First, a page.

The volume features recent work by Nobel Laureate Paul Samuelson and a thought provoking book, Global Trade and Conflicting National Interest by Ralph Gomory, the recently retired director of the Sloan Foundation, and New York University Professor William Baumol. Using different approaches, the three authors point to the ability of public and private sectors to change a country's comparative advantage in ways that can reduce the gains from trade for the United States or other advanced industrial countries. The volume also features a number of commentators who amplify, complement, or question the importance of the findings of the three authors. The conference on new thinking in international trade was made possible through a generous grant of the Alfred P. Sloan Foundation.
NAFTA at 10
Wilson Center Sponsors Conference Celebrating Tenth Anniversary of the Historic Trade Agreement
Ten years ago, President George H.W. Bush, Prime Minister Brian Mulroney, and President Carlos Salinas de Gortari initialed the North American Free Trade Agreement. During this two-day conference, these leaders and other distinguished panelists will discuss the impact of NAFTA on trade, globalization, and further integration of North America.
Amy Wilkinson spoke at the National Governors Association winter meeting in Washington, DC, about how states can foster entrepreneurship by creating the right conditions to attract and grow small businesses.
Sander Gerber, a member of the Center's Board of Trustees, suggests ways our nation can meet current and future energy challenges.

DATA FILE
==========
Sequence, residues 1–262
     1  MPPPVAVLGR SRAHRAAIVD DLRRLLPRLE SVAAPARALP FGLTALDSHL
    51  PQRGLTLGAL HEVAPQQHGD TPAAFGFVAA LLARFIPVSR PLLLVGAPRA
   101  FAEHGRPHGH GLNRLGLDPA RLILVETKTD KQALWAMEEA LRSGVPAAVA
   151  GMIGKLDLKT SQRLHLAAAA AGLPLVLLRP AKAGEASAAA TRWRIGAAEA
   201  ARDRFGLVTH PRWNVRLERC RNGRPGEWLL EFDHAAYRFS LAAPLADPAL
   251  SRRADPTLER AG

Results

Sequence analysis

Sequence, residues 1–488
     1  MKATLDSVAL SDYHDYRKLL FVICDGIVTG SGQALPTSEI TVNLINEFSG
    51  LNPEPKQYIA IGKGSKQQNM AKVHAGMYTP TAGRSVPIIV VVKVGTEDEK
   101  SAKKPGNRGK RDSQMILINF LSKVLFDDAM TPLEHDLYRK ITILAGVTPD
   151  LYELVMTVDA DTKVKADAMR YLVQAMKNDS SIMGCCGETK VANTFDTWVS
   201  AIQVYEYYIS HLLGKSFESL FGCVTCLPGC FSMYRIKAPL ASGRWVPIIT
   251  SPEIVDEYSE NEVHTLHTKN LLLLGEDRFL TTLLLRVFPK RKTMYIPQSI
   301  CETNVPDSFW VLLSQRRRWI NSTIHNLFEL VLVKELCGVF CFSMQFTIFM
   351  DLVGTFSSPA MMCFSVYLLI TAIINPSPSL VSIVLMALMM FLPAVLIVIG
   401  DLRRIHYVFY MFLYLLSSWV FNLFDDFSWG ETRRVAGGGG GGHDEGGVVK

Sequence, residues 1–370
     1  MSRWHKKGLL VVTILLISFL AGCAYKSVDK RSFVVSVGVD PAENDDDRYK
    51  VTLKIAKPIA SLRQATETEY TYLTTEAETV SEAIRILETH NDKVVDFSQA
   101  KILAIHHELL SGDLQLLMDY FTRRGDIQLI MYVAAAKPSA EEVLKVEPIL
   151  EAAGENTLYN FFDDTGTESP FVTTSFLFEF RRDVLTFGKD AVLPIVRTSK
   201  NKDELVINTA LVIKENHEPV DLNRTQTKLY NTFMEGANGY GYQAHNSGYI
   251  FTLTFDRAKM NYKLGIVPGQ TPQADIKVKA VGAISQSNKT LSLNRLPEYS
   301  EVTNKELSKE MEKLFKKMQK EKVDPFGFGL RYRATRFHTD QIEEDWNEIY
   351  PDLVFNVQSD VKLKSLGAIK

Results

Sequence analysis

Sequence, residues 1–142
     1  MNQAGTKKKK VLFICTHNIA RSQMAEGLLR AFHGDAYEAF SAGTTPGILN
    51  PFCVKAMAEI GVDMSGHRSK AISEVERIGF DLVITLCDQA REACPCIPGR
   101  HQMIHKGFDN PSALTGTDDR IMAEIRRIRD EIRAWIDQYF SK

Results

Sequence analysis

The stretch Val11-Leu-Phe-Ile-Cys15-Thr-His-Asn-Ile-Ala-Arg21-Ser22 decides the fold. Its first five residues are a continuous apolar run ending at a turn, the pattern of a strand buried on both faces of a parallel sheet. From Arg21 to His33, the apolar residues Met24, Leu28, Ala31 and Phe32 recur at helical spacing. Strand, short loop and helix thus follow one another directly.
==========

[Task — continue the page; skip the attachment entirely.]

With a still sluggish and struggling global economy, many economists believe that a successfully negotiated trade agreement between the U.S. and E.U. could provide the kind of jolt that many markets need. With negotiations over the proposed Transatlantic Trade Investment Partnership (TTIP) about to heat up, Kent Hughes provides context on what could be a game changing agreement.
The second volume notes that several countries are, in fact, working to change their comparative advantage by making investments in education, research and development, and infrastructure. They are also adopting policies that create an environment that encourages private sector investment and risk taking. In discussing how the United States should respond to the shifting comparative advantage of our trading partners, Senators Lamar Alexander and Jeff Bingaman stress the importance of increased investments in the physical sciences and the need to improve mathematics and science education. Other conference participants focus on policies in key regions of the world and still others urge attention to the U.S. current account and fiscal deficits. The conference on new thinking in international trade was made possible through a generous grant of the Alfred P. Sloan Foundation.
Marking the 10th anniversary of this historic agreement, the Wilson Center convened a two-day conference to assess the impact of NAFTA, the lessons the agreement may hold for deepening North American ties and future trade agreements, and the international effort to “get globalization right.”